Hindemith Kammermusik

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Hindemith Kammermusik

  • Kammermusik No. 1
  • Kleine Kammermusik
  • Kammermusik No. 2
  • Kammermusik No. 3
  • Kammermusik No. 4
  • Kammermusik No. 5
  • Kammermusik No. 6
  • Kammermusik No. 7

No doubt there are plenty of candidates for the first post-modern piece of music; but with the exception of Walton's exactly contemporary Facade, none has better credentials than the first of Hindemith's Kammermusiken. ''Pull the other one'', you feel like saying, after Hindemith's irresponsible fusion of Petrushka and hot jazz in the first movement. And, having hinted in his middle movements that the Rondo-Burleske from Mahler's Ninth Symphony and Part One of The Soldier's Tale are seminal influences, that is just what Hindemith does. The notorious 'Finale 1921' confronts a popular Berlin cabaret foxtrot with an echt-Futurist shriek on the siren.
All this has the feeling of a fountain of new life. As well it might, since in its time it was tantamount to a manifesto on the overthrow of musical Expressionism. But this feeling is also a tribute to an immensely accomplished and vivid performance, and to a daringly close-miked recording which lets the ear savour every anarchic note, every outre combination of timbres.
The remaining Chamber Musics, all of them in truth more like updated Brandenburg Concertos, can be enjoyed on three levels. First and foremost they are a kind of musical recreation, healthily running around without the encumbrance of obligatory self-expression; by extension they define a vital area of nascent Neoclassicism, without which Walton, Prokofiev, Shostakovich and Britten would have been very different composers; finally, they are designed for the players' recreation as much as the listeners, and to hear musicians of such high finesse disporting themselves is in itself something to be relished.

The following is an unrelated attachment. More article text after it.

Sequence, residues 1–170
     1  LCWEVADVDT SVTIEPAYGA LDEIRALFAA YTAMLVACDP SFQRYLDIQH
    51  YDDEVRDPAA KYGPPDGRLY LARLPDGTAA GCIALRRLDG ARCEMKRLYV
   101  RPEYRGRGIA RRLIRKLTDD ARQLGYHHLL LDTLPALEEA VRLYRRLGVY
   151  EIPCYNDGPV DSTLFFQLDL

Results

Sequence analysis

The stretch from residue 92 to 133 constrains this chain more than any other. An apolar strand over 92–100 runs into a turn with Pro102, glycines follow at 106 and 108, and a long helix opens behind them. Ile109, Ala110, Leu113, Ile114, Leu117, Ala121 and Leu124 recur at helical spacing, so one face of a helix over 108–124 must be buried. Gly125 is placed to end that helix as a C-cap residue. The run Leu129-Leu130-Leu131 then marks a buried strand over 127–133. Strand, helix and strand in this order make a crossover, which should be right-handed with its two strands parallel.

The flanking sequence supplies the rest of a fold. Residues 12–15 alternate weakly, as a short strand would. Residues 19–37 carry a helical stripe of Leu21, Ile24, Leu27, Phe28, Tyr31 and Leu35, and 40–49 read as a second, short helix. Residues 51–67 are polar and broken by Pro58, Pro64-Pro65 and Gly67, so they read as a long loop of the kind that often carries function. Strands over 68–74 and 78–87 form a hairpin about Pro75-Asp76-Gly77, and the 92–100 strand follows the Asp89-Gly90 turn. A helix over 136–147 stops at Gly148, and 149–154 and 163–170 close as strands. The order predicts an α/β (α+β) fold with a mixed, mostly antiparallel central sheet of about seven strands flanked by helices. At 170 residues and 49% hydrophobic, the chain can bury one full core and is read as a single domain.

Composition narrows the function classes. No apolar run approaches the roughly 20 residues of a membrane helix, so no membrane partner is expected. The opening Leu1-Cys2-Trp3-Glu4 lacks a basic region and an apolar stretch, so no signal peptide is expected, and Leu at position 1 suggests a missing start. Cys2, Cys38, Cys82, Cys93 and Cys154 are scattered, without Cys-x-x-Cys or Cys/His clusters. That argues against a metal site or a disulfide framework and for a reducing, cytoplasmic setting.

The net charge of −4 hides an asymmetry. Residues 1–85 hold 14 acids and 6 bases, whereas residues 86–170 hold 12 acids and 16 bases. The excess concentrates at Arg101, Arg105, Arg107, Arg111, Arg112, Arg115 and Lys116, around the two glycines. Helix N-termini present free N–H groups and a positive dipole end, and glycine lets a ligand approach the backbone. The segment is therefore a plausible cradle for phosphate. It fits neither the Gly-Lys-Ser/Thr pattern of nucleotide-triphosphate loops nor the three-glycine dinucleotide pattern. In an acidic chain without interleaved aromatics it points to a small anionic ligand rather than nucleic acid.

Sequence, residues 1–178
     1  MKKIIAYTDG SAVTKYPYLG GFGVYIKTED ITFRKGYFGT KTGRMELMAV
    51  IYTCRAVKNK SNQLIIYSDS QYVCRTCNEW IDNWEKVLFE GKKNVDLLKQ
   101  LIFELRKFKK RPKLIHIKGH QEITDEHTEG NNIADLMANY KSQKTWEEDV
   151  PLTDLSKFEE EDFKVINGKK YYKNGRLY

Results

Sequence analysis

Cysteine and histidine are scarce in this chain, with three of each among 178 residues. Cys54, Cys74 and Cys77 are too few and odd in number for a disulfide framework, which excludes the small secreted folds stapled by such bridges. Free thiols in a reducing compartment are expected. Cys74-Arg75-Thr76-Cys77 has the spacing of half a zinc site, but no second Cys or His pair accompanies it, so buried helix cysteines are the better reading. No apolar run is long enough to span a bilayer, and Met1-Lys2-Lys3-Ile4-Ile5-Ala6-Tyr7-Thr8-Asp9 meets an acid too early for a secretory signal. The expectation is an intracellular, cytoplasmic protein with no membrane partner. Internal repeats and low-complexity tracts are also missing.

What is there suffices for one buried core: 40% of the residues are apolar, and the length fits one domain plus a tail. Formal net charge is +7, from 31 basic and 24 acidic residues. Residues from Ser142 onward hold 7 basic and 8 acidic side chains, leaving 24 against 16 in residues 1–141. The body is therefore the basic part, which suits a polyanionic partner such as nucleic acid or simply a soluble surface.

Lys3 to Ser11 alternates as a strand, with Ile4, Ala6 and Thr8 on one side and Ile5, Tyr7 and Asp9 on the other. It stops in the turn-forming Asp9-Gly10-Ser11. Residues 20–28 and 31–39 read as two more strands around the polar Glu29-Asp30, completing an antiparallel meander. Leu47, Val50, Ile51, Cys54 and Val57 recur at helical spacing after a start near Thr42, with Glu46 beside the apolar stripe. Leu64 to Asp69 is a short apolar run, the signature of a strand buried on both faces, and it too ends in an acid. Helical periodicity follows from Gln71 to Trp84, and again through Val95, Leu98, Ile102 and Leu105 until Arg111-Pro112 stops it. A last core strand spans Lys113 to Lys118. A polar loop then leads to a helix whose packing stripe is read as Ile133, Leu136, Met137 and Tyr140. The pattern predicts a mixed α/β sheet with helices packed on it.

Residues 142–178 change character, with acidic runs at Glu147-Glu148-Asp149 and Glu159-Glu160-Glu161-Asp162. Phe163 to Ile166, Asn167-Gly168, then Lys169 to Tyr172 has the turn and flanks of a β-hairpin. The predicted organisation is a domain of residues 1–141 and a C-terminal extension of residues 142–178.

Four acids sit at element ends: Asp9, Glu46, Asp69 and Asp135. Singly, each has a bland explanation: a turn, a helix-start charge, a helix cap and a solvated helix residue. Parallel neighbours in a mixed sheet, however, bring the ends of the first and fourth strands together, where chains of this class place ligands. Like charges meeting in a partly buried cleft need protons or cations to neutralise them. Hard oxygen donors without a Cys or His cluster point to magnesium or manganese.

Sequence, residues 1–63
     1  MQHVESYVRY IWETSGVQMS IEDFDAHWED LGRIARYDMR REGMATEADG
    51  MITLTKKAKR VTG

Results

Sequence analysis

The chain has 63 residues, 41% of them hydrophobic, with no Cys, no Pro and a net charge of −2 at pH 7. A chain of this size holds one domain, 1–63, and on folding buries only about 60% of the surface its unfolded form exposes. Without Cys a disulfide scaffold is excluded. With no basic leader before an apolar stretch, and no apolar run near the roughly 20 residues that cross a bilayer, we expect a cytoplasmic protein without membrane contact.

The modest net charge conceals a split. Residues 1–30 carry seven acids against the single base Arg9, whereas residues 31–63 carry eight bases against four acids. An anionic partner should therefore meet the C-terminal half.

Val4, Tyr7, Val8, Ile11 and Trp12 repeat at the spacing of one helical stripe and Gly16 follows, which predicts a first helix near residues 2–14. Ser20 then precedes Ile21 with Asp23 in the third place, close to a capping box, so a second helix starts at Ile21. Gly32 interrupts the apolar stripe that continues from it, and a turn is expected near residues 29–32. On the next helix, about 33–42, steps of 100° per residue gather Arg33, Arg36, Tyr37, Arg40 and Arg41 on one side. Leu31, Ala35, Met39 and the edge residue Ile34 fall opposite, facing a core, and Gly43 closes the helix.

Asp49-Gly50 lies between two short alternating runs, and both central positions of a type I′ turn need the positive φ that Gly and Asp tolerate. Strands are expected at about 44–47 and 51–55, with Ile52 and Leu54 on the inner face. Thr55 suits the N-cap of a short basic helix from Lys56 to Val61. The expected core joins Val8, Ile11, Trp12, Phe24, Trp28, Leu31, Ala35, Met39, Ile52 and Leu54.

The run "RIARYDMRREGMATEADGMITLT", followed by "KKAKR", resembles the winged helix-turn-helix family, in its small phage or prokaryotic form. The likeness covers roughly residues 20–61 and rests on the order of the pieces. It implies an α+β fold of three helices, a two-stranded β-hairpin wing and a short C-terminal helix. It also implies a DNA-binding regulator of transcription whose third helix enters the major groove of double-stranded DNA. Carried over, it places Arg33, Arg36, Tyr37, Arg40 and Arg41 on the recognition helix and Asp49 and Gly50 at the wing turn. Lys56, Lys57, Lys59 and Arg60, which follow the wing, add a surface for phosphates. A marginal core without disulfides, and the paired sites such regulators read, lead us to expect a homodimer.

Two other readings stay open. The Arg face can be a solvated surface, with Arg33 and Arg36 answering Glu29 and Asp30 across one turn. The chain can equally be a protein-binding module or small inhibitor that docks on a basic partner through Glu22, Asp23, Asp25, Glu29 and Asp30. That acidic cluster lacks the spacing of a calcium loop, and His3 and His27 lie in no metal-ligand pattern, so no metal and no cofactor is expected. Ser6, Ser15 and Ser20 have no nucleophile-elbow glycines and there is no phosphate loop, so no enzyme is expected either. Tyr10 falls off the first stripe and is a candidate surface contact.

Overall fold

Among the 33 movements on these two discs there are inevitably some that seem less than wholly inspired. Slow movements in particular have a tendency to meander, and when fast ones eschew theatrical gestures you begin to see why Hindemith became dissatisfied with the permissiveness of his harmonic language. The last two concertos, for viola d'amore and organ respectively, date from 1927, when the process of rationalization was well under way, and to me at least they seem to do little more than go through the motions—the young iconoclast puts on his city suit. Elsewhere though, there is an intriguing ambivalence in the air—the Tchaikovskian toy soldiers in the middle movement of the Kleine Kammermusik have half-broken springs; the Cello Concerto (Kammermusik No. 3) seems to be subverting not only earnest German tradition but also its own attempts at popularity. Anyone who responds to the sad clown in Shostakovich should be in their element here.
Solo performances are uniformly excellent, and Chailly and his musicians sound consistently at home with the idiom. My Harmonia Mundi LP set (5/79—nla) of the seven Kammermusiken played by the Ensemble 13 of Baden-Baden will still come down from the shelves from time to time, if only for a glance at its outstanding essays and its reproductions of Hindemith's own cartoon drawings. But for listening purposes the new Decca wins at every turn. For performances, recording quality and musical stimulation this is an issue of outstanding interest and importance.'

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